Can the Philadelphia 76ers really get to the Finals, though? Shaq and Penny say yes
The Magic did it in ‘95, and the Penny/Shaq era has a lot in common with Philly in 2018
The Philadelphia 76ers, after “trusting” the “process,” have completed their first playoff series victory since 2012. It happened in five games over the Miami Heat, and sharpshooter J.J. Redick led the charge with 27 points. But Tuesday night in Philly was far more than a series victory. It was a moment.
The presence of Meek Mill at courtside (he arrived via helicopter), in his first public appearance since being released from prison hours earlier, added to an already momentous occasion for a franchise on the way up. The rapper’s much-debated sentence stemmed from a probation violation in November of 2017 and made him the newest face of criminal justice reform.
The calls for his freedom rivaled those for Lil’ Boosie and for Gucci Mane in years past. And Meek (Robert Rihmeek Williams) graduated to something of a Philly sports yoda during his time in the belly of the beast. His 2012 “Dreams and Nightmares (Intro)” ignited the Philadelphia Eagles on the way to their first Super Bowl. And the 76ers have long been Meek’s loudest supporters — from Julius “Dr. J” Erving to current players raising awareness to his friendship with Sixers minority owner Michael Rubin.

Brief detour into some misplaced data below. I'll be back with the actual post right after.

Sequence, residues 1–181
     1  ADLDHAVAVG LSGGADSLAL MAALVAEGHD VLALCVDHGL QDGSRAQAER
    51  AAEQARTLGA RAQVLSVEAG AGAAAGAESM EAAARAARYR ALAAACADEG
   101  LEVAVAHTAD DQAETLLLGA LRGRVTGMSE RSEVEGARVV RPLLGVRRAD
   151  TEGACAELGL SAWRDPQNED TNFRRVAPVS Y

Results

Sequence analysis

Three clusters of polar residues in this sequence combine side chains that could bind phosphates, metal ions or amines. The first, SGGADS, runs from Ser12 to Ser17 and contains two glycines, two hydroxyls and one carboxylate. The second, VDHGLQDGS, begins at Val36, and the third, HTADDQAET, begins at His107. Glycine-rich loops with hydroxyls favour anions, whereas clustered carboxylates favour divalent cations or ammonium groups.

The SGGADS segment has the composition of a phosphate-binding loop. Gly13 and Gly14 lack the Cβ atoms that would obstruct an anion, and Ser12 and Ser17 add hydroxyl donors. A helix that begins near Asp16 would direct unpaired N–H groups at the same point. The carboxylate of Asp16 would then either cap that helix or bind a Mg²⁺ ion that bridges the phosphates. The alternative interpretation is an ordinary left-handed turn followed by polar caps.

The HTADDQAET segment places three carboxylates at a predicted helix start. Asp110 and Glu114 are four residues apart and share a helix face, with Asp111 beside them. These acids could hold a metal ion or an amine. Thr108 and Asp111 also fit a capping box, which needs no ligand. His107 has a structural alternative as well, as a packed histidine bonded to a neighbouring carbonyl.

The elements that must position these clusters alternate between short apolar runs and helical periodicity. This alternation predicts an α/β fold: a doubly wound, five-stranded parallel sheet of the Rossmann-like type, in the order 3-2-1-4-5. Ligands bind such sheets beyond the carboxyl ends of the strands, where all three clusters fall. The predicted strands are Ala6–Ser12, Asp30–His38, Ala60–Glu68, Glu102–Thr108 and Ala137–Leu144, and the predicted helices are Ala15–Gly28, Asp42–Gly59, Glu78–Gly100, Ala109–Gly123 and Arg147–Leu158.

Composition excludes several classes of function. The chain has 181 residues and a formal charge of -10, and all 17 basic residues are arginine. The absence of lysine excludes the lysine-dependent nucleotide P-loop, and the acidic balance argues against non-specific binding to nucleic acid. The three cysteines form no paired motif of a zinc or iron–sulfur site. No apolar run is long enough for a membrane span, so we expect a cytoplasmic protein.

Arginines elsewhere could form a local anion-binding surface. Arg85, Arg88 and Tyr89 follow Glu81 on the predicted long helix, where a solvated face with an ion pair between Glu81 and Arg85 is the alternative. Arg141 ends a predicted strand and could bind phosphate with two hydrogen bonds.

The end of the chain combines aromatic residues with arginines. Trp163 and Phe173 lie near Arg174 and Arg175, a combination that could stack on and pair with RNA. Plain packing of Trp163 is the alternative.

Max Kellerman has not seen a young duo like Ben Simmons and Joel Embiid since Penny Hardaway and Shaquille O’Neal.
Hall of Famer Shaquille O’Neal and Anfernee “Penny” Hardaway (the new head coach at the University of Memphis) fail miserably at containing the pride in their voices. Both recognize Joel Embiid and Ben Simmons as the most dynamic young point guard and center combo since the mid-1990s, when they turned Orlando into the cultural capital of the brief post-Jordan basketball world.
Both sets of teammates are first and third overall picks — O’Neal and Simmons being the top picks in 1992 and 2016, respectively; Hardaway and Embiid were No. 3 in 1993 and 2014. Penny was originally drafted by the Golden State Warriors and then immediately traded to Orlando for Chris Webber.
“When I demanded they bring in Penny,” says Shaq, “I was thinking we were gonna be the new Magic Johnson and Kareem [Abdul-Jabbar]. I already knew what I wanted because I had a good point guard [Scott Skiles], but he was older. … We’d have to build defensive schemes around him — like when guards posted him up, we had to double. I just got tired of doing all that. I was like, we need to get somebody who can play everybody straight up.”
“It’s great having a star opposite your position because it makes [the game] easier,” says Hardaway. “Joel makes Ben’s game easier and Ben makes Joel’s game easier. Just like Shaq and I. It was poetry in motion.” Through nostalgia-tinted glasses the working relationship seems much longer, but O’Neal and Penny played together for only three seasons in Orlando.
O’Neal sees parts of himself in Embiid, 24, and confidence is near the top of that list. Stylistically, Embiid has drawn comparisons to Hakeem Olajuwon. But it’s the intangibles that place a smile on Shaq’s face when discussing Embiid. “The way he dominates the game, the way he’s very outspoken,” O’Neal says. “He’s very loved in the community [that drafted him] too.”